New Release Surf Movie – A Deeper Shade of Blue

McCoy shooting underwater footage on his underwater jet ski. This innovative piece of equipment exposes a groundbreaking new vantage to the world.

The new surf movie, A Deeper Shade of Blue just released in New Zealand cinemas this week is screening this Sunday 23rd September at the Raglan Old School Arts Centre in Stewart St. at 8pm

To reserve seats phone 825 0023 or email [email protected]

With A Deeper Shade of Blue, Jack McCoy sets an ambitious agenda telling the story of surfing (from start to finish) in a way that both surfers and non-surfers find compelling. The film paints an inspiring portrait of our relationship with the sea through a diverse cast of characters. We visit professional surfing through the lens of Jamie O’Brien. We see women’s surfing through Steph Gilmore’s eyes. We learn about big-wave riding through the experiences of Shipsterns Bluff charger Marti Paradisis. Each fragment of surf culture has an assigned ambassador, and while McCoy’s selection process is interesting, the spokespersons are essentially interchangeable; none are acutely singular, yet all are authentic.

Jack McCoy uses the evolution of the surfboard as a timeline communicating directly to non-surfers, which is most obviously evidenced by the photography.

McCoy’s underwater footage is mesmerizing. Whatever the cost, his underwater jet ski was worth it. The innovative piece of equipment exposes a groundbreaking new vantage to the world. The sessions documented at Teahupoo and Shipsterns Bluff are equally impressive. Beyond that, A Deeper Shade of Blue may showcase the finest women’s surfing segments to date. Every woman on screen successfully exits at least one 6-Mississippi-barrel. And as beautiful as all of the women featured in the film are, there are no gratuitous bikini shots – just extremely impressive surfing.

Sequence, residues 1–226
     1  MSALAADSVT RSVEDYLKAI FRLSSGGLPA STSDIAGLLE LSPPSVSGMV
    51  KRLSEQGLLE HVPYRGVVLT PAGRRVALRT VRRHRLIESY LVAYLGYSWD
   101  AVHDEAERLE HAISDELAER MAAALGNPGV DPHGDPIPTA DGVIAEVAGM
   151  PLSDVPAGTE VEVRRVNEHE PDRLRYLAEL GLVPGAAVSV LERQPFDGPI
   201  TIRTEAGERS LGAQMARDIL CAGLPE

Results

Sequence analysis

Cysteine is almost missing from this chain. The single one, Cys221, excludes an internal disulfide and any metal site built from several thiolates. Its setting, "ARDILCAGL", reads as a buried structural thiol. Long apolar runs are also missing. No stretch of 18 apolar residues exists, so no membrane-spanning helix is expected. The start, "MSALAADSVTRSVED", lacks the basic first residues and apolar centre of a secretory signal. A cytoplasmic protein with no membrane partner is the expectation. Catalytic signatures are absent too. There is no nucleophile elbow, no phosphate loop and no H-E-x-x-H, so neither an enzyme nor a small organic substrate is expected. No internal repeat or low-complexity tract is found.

A Deeper Shade of Blue also makes a poignant observation three-quarters of the way through the film when the narrator notes that surf culture grew so large in the late ‘60s that “authentically” documenting the experience of surfing became a career. That’s just what Jack did, and his A Deeper Shade of Blue accurately reflects this.

Whaingaroa actor Reiki Ruawai, stars in comedy drama

by Susan Guenther, Raglan Old School Arts Centre

Reiki Ruawai in The Dump
Reiki Ruawai in The Dump

RAFFA nominee, 12 year old Raglan local Reiki Ruawai has been selected for what director Hamish Bennett calls his “awesome” performance in ‘The Dump’. The short film, a comedy/drama, tells the story of a young boy, Utah, and the gradual bond he develops with his estranged dad Orlando, the sole employee at a tiny rural rubbish dump.

Regardless of initial perceptions, Utah eventually works out that his dad is a good man. Rough around the edges with plenty of character, the rubbish dump setting itself, helps to depict the idea that a person’s true nature will ultimately reveal itself.